Doug Kellett @idougradio

Doug Kellett @idougradio

Doug Kellett

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I have more than 30 years of news/talk/sports hosting experience including management of stations in Nashville, Denver and Columbus(GA). I often can be heard in some of the largest markets in the US and great stations like KOA/Denver, 630 KHOW/Denver, 600 KCOL/Ft. Colllins, CO, WOAI/San Antonio, KTRH and KPRC/Houston, WLS/Chicago, KKDA/Pittsburgh, WLAC/Nashville, WBT/Charlotte, Fox News/Ft. Myers-Naples, FL, 106.3 WORD-FM/Greenville-Spartanburg, SC and many other stations.

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Monday August 31 Briefing

Back to work this morning on WBT/Charlotte. So much to talk about. Health care debate heats up in North Carolina tomorrow as Sen. Burr's town hall forum is scheduled for Charlotte. Sen. John McCain and Sen Mitch McConnell are scheduled to be there.

Newsweek's Jonathon Alter called Rush Limbaugh "the blowhard of our time." Always funny to me that a columnist would rip a talk show guy. Print media has the worst history of any of the journalistic platforms and is where we get the term "yellow journalism." I've dealt many times with the print media and their characterization of what we do. They simply do not like the fact there is no longer a liberal monopoly any more. They probably weren't happy with some who say there should be a Rush Limbaugh school of Journalism created to help with the balance.

Can the President seize control of the Internet in an Emergency?
By: Matt Burke

August 31, 2009

This morning, much of the chattering class is abuzz with the rumors that President Obama is attempting to seize control of the internet. A post on this morning summarizes well the proposal: “S. 773, a bill by West Virginia Sen. Jay Rockefeller, Democrat, has a 55-page draft bill that would create new “emergency” powers for the President, a ‘cybersecurity’ Enabling Act of sorts, that would give the President the authority broad powers over any “non-governmental” computer networks, whether public or private, that are declared by the President to be “critical.””[1]

If the President were to get these powers, it would just be the latest in a historical series of Presidential power grabs that have been criticized later. Such would include President Jefferson shutting down the Supreme Court, President Jackson openly defying a Supreme Court ruling, President Lincoln arresting newspaper editors and President Franklin Roosevelt interning Japanese American citizens. Neil Stevens post details President Truman attempts to nationalize the steel industry during the Korean War and how the Supreme Court denied him this authority in the Youngstown decision.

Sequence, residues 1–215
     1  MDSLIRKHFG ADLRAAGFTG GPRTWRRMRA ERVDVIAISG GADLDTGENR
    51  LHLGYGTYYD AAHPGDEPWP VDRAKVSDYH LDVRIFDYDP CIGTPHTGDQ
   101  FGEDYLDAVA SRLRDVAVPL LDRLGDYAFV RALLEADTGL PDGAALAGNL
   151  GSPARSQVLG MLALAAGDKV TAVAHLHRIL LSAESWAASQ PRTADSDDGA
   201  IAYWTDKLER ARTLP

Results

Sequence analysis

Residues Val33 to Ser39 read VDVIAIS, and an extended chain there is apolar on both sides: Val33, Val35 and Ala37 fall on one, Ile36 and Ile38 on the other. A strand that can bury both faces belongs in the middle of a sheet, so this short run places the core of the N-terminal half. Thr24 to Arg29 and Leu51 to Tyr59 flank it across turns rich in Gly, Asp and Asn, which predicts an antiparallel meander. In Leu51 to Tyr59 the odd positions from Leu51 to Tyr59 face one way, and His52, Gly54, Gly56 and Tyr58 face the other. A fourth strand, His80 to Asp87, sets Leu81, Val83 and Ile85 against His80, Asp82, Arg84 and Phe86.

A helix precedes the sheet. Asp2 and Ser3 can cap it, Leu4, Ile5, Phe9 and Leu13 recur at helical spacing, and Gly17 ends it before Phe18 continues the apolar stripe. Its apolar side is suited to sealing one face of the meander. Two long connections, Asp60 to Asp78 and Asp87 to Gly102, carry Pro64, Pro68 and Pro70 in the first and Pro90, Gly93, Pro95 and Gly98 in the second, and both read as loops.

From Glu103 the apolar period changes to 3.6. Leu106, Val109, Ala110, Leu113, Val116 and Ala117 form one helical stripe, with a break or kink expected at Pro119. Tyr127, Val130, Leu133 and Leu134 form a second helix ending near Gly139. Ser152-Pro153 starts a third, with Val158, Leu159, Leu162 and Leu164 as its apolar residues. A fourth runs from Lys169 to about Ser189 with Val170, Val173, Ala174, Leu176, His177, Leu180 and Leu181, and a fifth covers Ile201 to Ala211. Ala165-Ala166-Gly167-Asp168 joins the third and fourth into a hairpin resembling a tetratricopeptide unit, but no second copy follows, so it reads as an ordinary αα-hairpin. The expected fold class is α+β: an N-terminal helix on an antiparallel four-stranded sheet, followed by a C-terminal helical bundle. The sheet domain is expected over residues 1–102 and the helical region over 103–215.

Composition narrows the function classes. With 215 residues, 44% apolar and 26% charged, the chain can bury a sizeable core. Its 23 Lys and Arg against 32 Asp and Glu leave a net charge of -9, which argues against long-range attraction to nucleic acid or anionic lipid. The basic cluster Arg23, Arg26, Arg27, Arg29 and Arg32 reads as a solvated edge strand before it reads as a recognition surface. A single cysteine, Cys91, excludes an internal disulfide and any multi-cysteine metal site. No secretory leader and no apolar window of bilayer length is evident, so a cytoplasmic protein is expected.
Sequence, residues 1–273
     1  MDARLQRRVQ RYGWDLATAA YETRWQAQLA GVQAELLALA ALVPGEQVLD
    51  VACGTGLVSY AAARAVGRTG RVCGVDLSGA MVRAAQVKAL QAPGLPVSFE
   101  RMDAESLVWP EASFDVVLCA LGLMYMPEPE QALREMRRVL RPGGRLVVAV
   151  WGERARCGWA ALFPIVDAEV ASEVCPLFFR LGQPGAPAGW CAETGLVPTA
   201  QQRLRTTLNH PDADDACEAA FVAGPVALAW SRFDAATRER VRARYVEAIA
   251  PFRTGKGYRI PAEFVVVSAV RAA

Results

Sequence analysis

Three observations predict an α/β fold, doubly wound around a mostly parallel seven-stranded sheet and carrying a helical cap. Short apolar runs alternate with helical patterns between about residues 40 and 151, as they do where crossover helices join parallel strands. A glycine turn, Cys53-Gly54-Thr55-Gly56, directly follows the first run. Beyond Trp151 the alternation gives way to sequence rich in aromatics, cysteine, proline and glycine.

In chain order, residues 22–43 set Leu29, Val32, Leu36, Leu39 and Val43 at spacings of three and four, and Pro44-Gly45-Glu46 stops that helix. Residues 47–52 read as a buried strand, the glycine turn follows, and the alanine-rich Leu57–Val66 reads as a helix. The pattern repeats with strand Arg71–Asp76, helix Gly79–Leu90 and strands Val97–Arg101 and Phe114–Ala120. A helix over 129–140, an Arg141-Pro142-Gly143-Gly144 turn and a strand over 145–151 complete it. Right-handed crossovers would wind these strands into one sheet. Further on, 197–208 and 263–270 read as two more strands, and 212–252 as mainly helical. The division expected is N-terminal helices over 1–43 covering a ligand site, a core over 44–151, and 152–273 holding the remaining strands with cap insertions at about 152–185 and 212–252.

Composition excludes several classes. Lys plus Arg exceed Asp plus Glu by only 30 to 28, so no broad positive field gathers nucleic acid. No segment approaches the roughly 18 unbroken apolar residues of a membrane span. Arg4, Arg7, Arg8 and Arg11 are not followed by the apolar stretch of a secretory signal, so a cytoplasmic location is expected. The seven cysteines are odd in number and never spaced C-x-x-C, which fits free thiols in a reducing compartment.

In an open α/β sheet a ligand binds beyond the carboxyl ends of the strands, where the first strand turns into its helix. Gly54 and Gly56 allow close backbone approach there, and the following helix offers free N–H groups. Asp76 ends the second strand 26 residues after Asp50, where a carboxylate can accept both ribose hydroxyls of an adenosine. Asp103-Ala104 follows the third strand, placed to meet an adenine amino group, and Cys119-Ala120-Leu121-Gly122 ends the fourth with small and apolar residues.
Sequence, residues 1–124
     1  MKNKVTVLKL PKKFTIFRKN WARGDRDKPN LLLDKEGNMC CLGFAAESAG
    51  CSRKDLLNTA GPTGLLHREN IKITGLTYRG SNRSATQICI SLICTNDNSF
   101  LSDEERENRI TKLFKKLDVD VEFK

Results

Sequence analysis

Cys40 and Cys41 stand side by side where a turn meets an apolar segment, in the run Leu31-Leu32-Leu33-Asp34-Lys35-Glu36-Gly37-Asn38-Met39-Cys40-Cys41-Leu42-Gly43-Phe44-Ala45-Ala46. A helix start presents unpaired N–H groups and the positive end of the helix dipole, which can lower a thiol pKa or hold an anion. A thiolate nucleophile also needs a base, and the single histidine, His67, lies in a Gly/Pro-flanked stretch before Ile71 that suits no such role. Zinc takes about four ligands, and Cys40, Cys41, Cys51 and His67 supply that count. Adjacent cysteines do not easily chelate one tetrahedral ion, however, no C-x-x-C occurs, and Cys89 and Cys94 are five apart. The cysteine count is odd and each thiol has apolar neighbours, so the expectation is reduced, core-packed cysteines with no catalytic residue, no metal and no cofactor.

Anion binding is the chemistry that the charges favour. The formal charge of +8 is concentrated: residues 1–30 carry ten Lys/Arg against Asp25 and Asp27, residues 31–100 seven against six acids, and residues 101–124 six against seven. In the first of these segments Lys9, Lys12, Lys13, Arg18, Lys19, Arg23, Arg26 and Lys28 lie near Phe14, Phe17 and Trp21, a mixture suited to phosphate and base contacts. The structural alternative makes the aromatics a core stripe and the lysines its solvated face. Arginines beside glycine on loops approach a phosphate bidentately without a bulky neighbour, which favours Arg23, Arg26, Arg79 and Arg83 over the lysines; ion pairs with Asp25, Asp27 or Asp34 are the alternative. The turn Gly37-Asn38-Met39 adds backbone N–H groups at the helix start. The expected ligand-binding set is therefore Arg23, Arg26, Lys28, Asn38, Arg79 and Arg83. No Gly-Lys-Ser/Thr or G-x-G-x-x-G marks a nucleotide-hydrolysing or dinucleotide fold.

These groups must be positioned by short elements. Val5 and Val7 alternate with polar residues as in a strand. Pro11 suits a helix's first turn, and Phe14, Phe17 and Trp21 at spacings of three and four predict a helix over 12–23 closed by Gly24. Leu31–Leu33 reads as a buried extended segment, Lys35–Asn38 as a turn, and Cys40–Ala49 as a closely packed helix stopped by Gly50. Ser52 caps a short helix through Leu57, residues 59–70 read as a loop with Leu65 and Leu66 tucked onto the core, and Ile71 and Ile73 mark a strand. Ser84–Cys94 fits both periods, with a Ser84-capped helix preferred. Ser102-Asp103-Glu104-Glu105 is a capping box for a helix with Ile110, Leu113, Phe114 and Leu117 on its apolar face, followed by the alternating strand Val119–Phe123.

In short, Youngstown, through Justice Jackson’s concurrence, states that Presidential authority is at its highest point when it is exercising Constitutional authority granted by a bill from Congress. Presidential authority is at its weakest when it has neither Congressional approval nor Constitutional authority. The area in between is known as a “twilight zone”.

Presumably, S.773 is designed to prevent a massive cyber-attack on the United States, similar to the plot of the movie Die Hard: Live Free or Die Hard, one that would paralyze the country and steal national security, or billions of dollars.

If the President were to be given the “emergency” power to seize control of the internet by an act of Congress, would it stand Constitutional scrutiny? Possibly. Congress can regulate interstate commerce, and the internet is certainly an instrument for interstate commerce. Also, using the Die Hard analogy above, such a power would be under national security, and our nation’s military forces do have cyber security as part of their mission.

However, if these powers were used to circumvent the First Amendment, such as to control blog posts or YouTube postings of protests, then we have a right to be alarmed. Also, what about the Fourth Amendment protections of the citizens to be secure in the papers, persons and effects without unreasonable search and seizure? Does S.773 grant the President an open ended warrant to search and seize whenever he/she feels is appropriate? Such a warrant would be easily challenged in any court.

Putting my political hat on, I would be surprised if this bill were to be passed as proposed. Silicon Valley has a strong history of donations and power to the Democratic Party, and I would be shocked if the Dems were to abandon their own, especially coming in an election year, one where the Dems will need all the money and support that they can get from their party faithful.

Taking off the political hat and putting the legal one back on, if this bill were to be passed and signed, there is little we can do to challenge it until it is actually used against someone. I suppose that various media outlets could seek an injunction preventing the bill from applying to them, but that will not touch the other portions of the bill. If this power were to be used as a limited, national security defense that returns the internet to a “status quo ante” after a cyber attack, then the courts would probably look favorably upon this. If it is used a control device over the population, then hopefully the courts would fight.

[1] Neil Stevens, “Democrats Echo Truman and Threaten to Nationalize the Internet”,, August 31, 2009